On the last Friday of Ramadan, women desperately offered afternoon prayer outside the locked gates of Jamia Masjid. On the previous evening, the doors of Kashmir’s historic Jamia Masjid were once again closed after the Jammu and Kashmir administration disallowed congregational prayers on Shab-e-Qadr and Jumatul-Vida.
“The doors are closed. There is absolutely no one here we can talk to,” said Tayyiba Hakak, a 25-year-old woman, offering prayer outside the mosque’s gate.
“There are no explanations, it has always been like this.”
Shab-e-Qadar— night-long prayers and Jumatul-Vida— the last Friday of Ramadan are special occasions for Muslims across the world.
On Wednesday, officials headed by a magistrate visited Jamia Masjid and conveyed the decision of banning the congregational prayers. J&K police on Thursday said that they had received credible inputs about some fringe elements that may cause law and order issues at Jamia Masjid on the occasion of Shab-e-Qadr and Jumatul-Vida eve after which decision regarding temporary closure of the masjid was taken.
The police also said that after 3 pm on Friday (Jumatul-Vida), people are free to offer prayers at the Jamia Masjid again.
Hakak, a resident from the Eidgah area of Srinagar has over the years spent many afternoons praying inside the mosque. However, since the closure of the mosque, she feels that her Fridays are incomplete.
“Shab-e-Qadr and Jumatul-Vida are big days for us. But this sudden closure hurt us,” she told Maktoob.
Built more than 600 years ago, Jamia Masjid, located in central Kashmir’s Nowhatta, has for decades remained witness to Kashmiris coming together during congregational prayers, religious sermons, and major political uprisings in the region.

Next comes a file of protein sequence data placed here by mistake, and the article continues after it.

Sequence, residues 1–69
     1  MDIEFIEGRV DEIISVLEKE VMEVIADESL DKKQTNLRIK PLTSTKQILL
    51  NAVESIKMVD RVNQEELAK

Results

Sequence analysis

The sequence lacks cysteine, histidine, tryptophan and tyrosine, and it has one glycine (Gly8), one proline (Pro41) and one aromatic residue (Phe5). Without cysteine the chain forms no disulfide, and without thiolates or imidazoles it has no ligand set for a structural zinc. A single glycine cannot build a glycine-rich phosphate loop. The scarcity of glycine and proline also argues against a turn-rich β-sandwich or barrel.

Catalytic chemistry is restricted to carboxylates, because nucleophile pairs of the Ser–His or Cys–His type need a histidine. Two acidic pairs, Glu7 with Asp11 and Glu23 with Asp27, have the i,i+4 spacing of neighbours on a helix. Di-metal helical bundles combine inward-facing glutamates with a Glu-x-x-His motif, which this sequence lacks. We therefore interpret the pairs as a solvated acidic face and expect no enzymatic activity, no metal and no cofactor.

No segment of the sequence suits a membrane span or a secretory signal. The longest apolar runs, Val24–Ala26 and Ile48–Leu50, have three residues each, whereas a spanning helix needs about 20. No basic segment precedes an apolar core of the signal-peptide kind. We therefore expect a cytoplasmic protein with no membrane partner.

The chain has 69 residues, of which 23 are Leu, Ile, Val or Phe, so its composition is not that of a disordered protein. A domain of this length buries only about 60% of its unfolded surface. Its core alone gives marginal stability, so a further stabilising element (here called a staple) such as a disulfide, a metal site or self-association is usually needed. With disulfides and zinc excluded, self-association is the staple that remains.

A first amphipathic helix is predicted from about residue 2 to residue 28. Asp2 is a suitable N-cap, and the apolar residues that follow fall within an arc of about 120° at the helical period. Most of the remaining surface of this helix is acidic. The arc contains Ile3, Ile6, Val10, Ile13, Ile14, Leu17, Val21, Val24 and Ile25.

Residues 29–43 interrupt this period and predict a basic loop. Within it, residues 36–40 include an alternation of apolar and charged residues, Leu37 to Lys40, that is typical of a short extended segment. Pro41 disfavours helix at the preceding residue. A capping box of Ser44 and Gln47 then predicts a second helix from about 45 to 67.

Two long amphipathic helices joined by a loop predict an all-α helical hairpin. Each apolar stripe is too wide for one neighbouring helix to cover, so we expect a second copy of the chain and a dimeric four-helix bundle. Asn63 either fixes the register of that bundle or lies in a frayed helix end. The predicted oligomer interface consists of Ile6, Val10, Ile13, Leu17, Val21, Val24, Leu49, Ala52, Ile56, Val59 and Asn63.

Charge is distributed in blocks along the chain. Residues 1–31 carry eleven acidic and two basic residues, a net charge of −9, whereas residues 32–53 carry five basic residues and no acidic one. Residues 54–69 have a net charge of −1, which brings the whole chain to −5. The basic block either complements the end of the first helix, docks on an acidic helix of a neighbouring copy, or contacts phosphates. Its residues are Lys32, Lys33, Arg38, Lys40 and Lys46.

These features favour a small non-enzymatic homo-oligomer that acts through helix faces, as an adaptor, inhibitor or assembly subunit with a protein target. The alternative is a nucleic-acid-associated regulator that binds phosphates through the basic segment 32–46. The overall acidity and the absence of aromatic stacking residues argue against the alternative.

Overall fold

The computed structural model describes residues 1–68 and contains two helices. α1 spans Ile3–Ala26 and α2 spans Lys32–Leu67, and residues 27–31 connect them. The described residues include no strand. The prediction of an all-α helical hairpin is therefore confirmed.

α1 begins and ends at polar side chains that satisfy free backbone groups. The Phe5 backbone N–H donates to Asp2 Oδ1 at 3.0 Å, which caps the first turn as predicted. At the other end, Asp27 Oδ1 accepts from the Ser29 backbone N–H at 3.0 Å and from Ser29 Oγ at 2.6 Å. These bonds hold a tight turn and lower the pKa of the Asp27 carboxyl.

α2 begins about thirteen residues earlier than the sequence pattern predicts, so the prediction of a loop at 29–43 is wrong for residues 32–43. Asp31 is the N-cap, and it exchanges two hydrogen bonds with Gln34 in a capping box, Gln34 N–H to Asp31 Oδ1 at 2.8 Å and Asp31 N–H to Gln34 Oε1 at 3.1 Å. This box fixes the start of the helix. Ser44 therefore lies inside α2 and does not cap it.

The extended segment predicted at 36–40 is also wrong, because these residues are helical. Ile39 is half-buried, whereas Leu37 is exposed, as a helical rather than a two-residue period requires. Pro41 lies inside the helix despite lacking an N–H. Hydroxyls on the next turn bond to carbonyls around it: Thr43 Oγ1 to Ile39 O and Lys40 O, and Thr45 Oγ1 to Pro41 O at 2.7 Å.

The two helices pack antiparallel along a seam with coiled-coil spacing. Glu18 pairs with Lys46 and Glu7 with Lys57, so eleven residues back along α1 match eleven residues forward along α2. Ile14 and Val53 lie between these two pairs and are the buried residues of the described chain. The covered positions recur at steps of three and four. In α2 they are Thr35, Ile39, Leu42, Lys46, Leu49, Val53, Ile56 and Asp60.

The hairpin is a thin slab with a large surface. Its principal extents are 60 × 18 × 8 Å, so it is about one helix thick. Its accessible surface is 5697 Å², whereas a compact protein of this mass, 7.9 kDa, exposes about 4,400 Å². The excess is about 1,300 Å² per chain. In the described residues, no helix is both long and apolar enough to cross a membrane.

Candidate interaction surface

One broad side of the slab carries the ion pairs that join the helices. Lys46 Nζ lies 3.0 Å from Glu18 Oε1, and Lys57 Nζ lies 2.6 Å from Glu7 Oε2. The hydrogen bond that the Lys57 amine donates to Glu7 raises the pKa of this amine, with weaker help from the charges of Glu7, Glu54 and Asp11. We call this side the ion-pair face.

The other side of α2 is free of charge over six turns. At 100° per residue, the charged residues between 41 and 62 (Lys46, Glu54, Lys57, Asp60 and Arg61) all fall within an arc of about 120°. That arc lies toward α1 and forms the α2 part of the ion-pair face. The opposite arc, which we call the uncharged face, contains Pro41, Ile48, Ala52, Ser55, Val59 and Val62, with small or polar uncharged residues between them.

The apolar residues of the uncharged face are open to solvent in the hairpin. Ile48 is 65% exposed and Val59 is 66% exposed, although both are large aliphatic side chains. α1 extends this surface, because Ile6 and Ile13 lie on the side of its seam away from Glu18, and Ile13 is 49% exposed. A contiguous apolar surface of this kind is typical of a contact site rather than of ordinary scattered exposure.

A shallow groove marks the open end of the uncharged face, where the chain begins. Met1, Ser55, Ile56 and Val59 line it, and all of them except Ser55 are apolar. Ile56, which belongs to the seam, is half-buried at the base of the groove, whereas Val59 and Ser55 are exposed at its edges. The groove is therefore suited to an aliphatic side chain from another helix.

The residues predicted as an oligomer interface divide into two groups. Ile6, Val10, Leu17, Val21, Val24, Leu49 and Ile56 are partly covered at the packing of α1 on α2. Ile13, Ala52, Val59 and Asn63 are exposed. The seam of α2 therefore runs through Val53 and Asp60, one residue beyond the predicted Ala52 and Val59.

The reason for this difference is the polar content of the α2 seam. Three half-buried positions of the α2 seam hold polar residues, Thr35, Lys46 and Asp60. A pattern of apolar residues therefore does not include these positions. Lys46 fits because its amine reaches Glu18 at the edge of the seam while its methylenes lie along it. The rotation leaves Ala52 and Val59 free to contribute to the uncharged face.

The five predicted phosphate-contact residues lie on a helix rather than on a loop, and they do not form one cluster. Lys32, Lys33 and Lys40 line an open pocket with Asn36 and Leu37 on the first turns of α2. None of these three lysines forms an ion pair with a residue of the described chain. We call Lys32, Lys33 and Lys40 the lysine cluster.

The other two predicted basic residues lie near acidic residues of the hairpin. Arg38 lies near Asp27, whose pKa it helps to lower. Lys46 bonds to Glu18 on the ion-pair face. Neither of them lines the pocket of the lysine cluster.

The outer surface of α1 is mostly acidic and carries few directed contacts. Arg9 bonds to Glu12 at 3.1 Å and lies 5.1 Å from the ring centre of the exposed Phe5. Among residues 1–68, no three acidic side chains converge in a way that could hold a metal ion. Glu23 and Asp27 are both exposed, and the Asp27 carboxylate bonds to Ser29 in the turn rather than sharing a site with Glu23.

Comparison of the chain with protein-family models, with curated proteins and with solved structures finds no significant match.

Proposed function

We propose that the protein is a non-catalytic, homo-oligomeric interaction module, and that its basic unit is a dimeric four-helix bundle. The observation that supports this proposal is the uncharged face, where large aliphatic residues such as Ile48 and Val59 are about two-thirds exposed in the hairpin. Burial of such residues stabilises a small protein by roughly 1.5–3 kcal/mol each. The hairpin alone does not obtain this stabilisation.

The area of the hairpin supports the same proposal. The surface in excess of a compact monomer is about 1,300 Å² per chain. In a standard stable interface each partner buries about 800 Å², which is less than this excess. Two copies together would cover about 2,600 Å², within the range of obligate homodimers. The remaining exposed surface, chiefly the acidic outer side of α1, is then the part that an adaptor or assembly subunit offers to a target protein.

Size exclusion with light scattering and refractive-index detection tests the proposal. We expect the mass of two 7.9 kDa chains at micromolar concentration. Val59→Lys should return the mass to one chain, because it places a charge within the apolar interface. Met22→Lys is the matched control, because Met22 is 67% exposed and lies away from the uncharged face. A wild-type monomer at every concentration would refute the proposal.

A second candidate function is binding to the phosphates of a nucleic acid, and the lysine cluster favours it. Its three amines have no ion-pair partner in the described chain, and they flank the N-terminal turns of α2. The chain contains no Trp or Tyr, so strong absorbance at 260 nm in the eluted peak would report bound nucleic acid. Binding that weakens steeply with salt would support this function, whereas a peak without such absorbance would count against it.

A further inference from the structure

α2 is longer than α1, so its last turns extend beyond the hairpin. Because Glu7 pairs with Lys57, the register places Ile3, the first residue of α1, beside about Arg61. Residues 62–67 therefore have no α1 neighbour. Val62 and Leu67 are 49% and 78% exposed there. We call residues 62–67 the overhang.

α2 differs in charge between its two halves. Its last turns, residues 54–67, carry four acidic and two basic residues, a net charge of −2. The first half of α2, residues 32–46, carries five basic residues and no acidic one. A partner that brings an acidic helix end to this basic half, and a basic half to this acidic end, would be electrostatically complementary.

According to Anjuman-e-Auqaf, the managing committee of Jamia Masjid, the Friday congregational prayers haven’t been allowed more than 160 times in the past six years, reported Religion Unplugged.
In a statement issued on Thursday, Muttahida Majlis-e-Ulema, a conglomerate of religious bodies headed by the incarcerated separatist leader Mirwaiz Umar Farooq, expressed strong resentment over the administration’s decision to once again disallow prayers at the Central Jamia Masjid on Shab-e-Qadr and Jumat-ul-Vida.
The Peoples Alliance for Gupkar Declaration (PAGD) on Thursday urged the Indian government to reconsider its decision forthwith and allow the people to offer prayers in the mosque. Spokesman for the PAGD Mohammad Yousuf Tarigami said that the move will bar thousands of people from offering congregational prayers inside the historic mosque.
“Since it amounts to direct interference in the people’s religious matters, the move is unacceptable and reprehensible”, the PAGD said.
Qurban Nisar, a 37-year-old dry-fruit shop owner performed the congregational prayers on Shab-e-Qadr in Jamia Masjid. This year, after the mosque was finally thrown open for people to offer prayers, Nisar decided to spend the night of Shab-e-Qadr in Jamia Masjid.
“The police came suddenly on the previous evening and said that congregational prayers won’t be allowed,” he said, “I had tears in my eyes. We all know what they are trying to do to us.”
Once again looking at the locked doors of the mosque reminded Nisar of the previous years when congregational prayers would be held in the mosque. “The ambiance used to be so beautiful on the nights of Shab here in Jamia masjid. We miss that,” he said.
“Now we are even unsure about the Eid namaz.”
(Courtesy Maktoob Media)